Wednesday, December 28, 2005

Daughters create lefties?

Some researches claim that families with daughters tend to vote left-wing, while families with more sons tend to lean more to the right. Interesting. This follows a bit of tortured hang-wringing (isn't it sexist to claim that women are linked to soft politics) but that sorts itself quickly by noting that maleness is one step away from mental retardation and psychopathic.
The researchers have been accused of propagating gender stereotypes, and of perpetuating the idea that women go in for softer politics than men. The feminist ire, however, is misdirected. Some of the most exciting scientific research points to a similar, intuitive conclusion? that, on the whole, men and women think and behave differently. One emerging theory of autism,? a condition that affects three times as many men than women is that autistic behaviors are extreme versions of typical male traits
.The reasons given for why women may prefer nurturing politics is also muddled:
But how and why? He frames his theory in utilitarian terms: because women tend to be more group-oriented, and to be paid less, we may expect them favorour a political system that taxes heavily and spends the taxes on communal improvements, such as creches or police patrols.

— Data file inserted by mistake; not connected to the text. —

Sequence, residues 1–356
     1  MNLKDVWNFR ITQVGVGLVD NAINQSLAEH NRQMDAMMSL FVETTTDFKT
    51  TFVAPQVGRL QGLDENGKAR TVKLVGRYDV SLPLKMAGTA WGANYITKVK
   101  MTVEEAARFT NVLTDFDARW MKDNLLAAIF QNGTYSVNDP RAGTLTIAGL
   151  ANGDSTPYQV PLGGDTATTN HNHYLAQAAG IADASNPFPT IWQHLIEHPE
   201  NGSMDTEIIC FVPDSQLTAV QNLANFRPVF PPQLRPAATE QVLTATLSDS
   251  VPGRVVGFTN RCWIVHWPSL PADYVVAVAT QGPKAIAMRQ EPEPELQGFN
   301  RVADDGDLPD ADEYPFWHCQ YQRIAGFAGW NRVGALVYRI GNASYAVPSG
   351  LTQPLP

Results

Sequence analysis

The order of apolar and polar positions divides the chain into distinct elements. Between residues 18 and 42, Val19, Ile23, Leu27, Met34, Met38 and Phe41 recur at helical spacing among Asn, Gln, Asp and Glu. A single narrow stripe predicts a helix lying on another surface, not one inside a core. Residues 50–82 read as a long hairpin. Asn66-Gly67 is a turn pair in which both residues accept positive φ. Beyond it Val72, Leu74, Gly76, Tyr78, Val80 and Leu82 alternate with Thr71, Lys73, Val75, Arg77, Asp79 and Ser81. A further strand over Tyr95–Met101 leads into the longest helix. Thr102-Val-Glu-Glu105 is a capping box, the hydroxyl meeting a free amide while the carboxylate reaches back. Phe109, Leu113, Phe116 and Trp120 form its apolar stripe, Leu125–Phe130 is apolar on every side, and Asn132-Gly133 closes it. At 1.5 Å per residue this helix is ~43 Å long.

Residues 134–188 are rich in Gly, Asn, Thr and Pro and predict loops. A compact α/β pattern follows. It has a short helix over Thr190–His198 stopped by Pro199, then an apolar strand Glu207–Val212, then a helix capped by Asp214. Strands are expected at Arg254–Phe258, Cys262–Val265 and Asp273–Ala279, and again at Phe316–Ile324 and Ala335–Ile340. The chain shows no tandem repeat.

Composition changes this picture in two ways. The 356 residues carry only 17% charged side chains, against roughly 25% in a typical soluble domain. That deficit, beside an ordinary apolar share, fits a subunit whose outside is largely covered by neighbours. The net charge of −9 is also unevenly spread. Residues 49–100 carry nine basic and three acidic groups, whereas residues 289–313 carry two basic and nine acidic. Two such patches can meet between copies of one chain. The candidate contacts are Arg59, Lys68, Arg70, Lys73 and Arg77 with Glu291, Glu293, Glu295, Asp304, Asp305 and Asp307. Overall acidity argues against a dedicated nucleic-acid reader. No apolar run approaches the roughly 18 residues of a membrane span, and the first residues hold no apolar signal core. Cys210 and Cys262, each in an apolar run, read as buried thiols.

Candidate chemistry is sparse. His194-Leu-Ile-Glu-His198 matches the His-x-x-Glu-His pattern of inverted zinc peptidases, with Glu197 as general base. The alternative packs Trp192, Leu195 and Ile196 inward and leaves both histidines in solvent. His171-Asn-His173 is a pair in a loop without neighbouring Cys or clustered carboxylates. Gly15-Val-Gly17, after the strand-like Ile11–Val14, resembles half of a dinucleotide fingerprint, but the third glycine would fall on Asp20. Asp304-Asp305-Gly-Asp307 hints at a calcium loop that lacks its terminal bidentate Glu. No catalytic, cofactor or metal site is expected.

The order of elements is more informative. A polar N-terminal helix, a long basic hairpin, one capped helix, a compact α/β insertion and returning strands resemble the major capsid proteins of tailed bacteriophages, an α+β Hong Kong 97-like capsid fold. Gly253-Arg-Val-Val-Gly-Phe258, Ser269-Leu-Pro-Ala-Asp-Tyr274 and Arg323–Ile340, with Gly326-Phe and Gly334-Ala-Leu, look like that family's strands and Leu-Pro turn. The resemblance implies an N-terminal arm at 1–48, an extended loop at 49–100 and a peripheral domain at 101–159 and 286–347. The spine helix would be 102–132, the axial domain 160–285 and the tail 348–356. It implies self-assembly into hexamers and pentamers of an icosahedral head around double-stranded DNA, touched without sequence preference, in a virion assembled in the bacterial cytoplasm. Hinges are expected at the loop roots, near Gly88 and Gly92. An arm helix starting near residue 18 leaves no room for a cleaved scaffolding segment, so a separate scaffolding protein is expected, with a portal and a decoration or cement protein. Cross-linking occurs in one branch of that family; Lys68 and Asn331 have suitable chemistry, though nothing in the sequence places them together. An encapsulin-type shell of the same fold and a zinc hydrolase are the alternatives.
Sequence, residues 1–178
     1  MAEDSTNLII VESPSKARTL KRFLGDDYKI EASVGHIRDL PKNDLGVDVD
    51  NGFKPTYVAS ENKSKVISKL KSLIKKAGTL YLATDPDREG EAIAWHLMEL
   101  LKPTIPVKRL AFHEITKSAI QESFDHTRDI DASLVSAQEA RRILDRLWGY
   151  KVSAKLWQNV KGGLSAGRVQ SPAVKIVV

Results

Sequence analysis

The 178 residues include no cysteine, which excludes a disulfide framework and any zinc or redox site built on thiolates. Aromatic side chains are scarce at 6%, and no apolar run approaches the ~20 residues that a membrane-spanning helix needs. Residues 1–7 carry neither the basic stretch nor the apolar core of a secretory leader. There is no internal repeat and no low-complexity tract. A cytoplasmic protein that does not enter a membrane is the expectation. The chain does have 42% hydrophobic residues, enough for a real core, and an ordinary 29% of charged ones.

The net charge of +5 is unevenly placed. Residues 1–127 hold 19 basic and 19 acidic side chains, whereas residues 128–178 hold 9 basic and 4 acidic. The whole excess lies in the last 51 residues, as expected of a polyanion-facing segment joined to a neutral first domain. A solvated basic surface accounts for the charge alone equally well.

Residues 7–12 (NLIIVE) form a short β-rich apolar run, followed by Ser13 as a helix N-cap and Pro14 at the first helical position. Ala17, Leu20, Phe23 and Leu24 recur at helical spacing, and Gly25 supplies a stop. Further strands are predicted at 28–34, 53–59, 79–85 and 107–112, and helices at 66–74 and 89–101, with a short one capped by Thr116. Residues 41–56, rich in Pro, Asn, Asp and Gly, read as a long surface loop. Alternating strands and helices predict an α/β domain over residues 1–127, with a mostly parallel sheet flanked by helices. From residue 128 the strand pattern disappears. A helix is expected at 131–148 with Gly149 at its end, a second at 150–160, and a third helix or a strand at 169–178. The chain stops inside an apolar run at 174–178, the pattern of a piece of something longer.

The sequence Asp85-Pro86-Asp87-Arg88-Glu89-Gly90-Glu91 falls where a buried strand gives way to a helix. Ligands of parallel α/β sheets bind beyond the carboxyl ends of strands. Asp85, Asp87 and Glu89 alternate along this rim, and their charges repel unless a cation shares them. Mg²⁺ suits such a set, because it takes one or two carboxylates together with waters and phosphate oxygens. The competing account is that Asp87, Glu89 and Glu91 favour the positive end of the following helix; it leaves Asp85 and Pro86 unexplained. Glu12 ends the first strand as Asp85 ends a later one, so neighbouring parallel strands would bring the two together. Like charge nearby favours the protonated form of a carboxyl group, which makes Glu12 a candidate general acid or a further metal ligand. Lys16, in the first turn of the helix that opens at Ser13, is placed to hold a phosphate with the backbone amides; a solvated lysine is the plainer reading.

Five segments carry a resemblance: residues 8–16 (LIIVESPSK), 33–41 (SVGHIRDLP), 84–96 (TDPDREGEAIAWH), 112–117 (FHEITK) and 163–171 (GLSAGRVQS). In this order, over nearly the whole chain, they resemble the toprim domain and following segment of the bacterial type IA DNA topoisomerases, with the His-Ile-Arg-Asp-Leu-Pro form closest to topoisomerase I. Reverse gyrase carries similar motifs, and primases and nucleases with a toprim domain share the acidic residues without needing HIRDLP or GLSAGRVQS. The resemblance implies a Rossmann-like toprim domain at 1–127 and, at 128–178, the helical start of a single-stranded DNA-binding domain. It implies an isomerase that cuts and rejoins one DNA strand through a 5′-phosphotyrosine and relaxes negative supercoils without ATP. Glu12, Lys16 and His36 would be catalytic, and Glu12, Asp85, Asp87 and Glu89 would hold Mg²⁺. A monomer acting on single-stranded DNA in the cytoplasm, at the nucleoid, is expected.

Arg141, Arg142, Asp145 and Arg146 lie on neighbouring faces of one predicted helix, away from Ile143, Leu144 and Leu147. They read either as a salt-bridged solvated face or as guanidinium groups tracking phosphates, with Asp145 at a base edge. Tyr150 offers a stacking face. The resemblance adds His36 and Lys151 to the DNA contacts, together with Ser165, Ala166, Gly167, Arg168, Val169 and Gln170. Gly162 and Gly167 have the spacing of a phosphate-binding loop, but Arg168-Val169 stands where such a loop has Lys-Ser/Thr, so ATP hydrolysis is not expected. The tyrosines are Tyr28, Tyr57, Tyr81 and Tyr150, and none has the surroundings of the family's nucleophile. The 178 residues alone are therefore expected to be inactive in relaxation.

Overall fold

The reason women are paid less is *because* they are more group oriented. In a study of MBA graduates, they found that, controlling for occupation, women were paid ~5% less than men. They also found that men were much more likely to try and negotiate for a better offer than women, and it was this willingness to ask for more than explained the entire salary difference. Women don't like to negotiate because they feel it puts the relationship at risk. Men do not feel the same way.

If you live in a family of daughters, then the best incentives are probably emotional -- being hurt by a child's misbehavior may get you farther than punishing them. With boys though, being hurt will not do the trick (they probably will not notice).

In a large diverse population, communal ties and social pressure become less effective ways of rewarding good behavior and punishing bad. The larger, more complex, and more diverse a population is, the more you need clear disciplinary incentives to elicit the behavior you want. Less mommy, more daddy.


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